Coalition needs to watch its language as integrity campaign comes to a head

Two things happened this week in Victoria’s electoral landscape that prompted outbursts from the Liberal opposition.

On Thursday, the electoral commission referred the party and its leader, Matthew Guy, to the corruption watchdog, suggesting they had not cooperated with a VEC investigation over a donor scandal. The response from the Liberals was unprecedented. The party issued a “cease and desist” notice to the electoral regulator and accused it of helping Labor politically as pre-poll voting is already underway.

Matthew Guy.Credit:Joe Armao

The commission has not explained why it made such a big call less than 10 days before the election rather than waiting until after polling day. There is an open question here as to why.

Even so, the understandably frustrated Liberals need to watch their language. As with its allegations earlier in the week of “vote rigging”, the party is entering dangerous terrain.

The “vote rigging” outburst was not just unjustified, but was based on a falsehood which risks politicising Victoria’s anti-corruption agency, and which recent history overseas has shown could dent voters’ faith in the election outcome itself.

On Thursday, the Herald Sun published a revealing leaked video showing how a mysterious man called Glenn Druery gets paid tens of thousands to organise preference deals to get little-known Victorians into parliament despite receiving a tiny number of votes.

In the video, Druery made a spurious claim that Labor appreciates the work he does because he helps elect MPs who support the Labor agenda. The reality is Druery’s MPs are more often than not conservatives, and Labor has as little to do with Druery as the Coalition.

Despite this, the Coalition asked the Independent Broad‑based Anti‑corruption Commission to probe Labor’s dealings with the preference dealer. Senior MPs including opposition deputy leader David Southwick and frontbencher Louise Staley took to social media to tell thousands of followers that Labor was caught up in a scandal.

“BREAKING: Daniel Andrews and Labor have been referred to the corruption commission over vote rigging,” Southwick posted.

Even at its worst, the Druery issue does not amount to vote rigging. This kind of language is inflammatory in an environment where a small but growing group of far-right actors in Victoria are prone to conspiracy theories about the government.

Some of them carried gallows outside Parliament during anti-lockdown protests and called for Premier Daniel Andrews to be jailed.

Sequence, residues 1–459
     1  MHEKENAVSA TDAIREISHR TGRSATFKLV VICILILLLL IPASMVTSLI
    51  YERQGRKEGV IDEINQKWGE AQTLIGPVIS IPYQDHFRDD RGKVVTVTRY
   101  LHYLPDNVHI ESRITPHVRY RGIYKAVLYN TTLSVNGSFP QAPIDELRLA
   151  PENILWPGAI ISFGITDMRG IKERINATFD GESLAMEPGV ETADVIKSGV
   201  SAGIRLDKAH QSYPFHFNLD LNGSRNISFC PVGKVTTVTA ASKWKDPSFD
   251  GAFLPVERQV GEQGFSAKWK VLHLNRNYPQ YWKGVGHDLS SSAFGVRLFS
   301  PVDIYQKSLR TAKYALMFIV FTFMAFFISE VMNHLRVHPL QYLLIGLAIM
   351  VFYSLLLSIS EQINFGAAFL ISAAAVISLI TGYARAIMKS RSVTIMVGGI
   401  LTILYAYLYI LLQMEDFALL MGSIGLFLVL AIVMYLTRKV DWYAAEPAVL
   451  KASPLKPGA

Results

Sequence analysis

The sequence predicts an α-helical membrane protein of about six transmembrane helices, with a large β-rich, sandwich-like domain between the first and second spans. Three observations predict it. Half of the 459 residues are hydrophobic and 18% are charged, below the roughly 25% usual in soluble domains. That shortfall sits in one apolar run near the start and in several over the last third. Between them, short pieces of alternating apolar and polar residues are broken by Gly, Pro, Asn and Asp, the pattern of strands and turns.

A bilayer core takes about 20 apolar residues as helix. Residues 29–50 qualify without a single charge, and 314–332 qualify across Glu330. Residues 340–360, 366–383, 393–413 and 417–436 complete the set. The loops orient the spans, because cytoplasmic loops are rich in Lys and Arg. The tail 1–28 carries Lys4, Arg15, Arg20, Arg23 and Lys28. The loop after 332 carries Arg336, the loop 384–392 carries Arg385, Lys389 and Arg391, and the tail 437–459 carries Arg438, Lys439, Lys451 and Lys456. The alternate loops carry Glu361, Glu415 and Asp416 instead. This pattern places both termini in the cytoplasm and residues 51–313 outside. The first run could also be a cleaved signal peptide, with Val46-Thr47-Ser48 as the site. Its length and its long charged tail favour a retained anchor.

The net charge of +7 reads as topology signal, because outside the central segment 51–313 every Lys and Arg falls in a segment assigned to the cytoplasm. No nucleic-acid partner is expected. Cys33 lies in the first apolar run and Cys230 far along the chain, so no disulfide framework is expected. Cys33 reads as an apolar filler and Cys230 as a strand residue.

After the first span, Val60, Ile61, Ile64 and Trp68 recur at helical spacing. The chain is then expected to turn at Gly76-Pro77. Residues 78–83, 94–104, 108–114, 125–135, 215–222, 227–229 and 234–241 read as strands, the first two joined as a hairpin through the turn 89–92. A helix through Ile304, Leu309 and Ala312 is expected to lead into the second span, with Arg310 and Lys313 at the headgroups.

The Liberal candidate in the premier’s Mulgrave electorate, Michael Piastrino, repeated the jailing call last month and on Friday, in response to the Druery stories, called a press conference outside Andrews’ electorate office alongside leaders of the Freedom Party and called for the election to be “postponed and for the state government to go into administration pending an independent inquiry given the election can no longer be deemed valid”.

It is not clear if Southwick and Staley intended their message to speak to this audience. They may not have. But, after what we’ve seen in Donald Trump’s America, all sides should be on notice that promoting false narratives about the legitimacy of voting in politics can be dangerous.

David Southwick.Credit:Eddie Jim

Thursday’s Coalition referral to IBAC is the latest in a long line of Coalition complaints to the watchdog seemingly designed to do little other than allow MPs to claim IBAC is probing Andrews.

“Five confirmed investigations, another on the way,” Southwick claimed.

Let’s have a look at those figures.

There are four known IBAC inquiries involving Labor MPs. In only one, from what is publicly known, is the premier a key focus. The fifth refers to a potential IBAC inquiry into the red shirts scandal, which the Ombudsman has already looked at multiple times. IBAC is conducting preliminary assessments on a new whistleblower complaint, as it does with many tip-offs that do not lead to full investigations.

The sixth refers to the Coalition’s referral about Druery’s links to Labor on Thursday.

Writing to IBAC in response to newspaper stories that are unlikely to be of interest to the agency devalues its role and carries the danger of turning it into a political football. It risks devaluing the currency of IBAC at a time when the premier is caught up in real inquiries.

The Coalition’s biggest challenge in Victoria is to appear to be a credible party of government. For much of this campaign they have managed this, but the latest claims about vote rigging undermines that effort. It enters risky territory when it alleges “vote rigging” and calls for the premier to be jailed.

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